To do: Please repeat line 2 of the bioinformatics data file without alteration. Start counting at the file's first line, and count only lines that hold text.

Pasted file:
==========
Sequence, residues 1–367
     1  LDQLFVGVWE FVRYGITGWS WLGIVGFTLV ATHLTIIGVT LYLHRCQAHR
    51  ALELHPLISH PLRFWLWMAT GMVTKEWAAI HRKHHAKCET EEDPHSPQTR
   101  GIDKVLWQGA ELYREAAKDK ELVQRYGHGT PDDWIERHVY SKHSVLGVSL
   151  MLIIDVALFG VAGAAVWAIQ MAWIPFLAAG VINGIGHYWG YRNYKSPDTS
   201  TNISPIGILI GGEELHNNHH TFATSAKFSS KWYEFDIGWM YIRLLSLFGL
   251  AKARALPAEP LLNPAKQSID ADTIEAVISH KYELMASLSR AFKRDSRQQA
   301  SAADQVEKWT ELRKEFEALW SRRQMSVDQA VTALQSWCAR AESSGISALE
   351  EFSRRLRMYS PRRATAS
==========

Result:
     1  LDQLFVGVWE FVRYGITGWS WLGIVGFTLV ATHLTIIGVT LYLHRCQAHR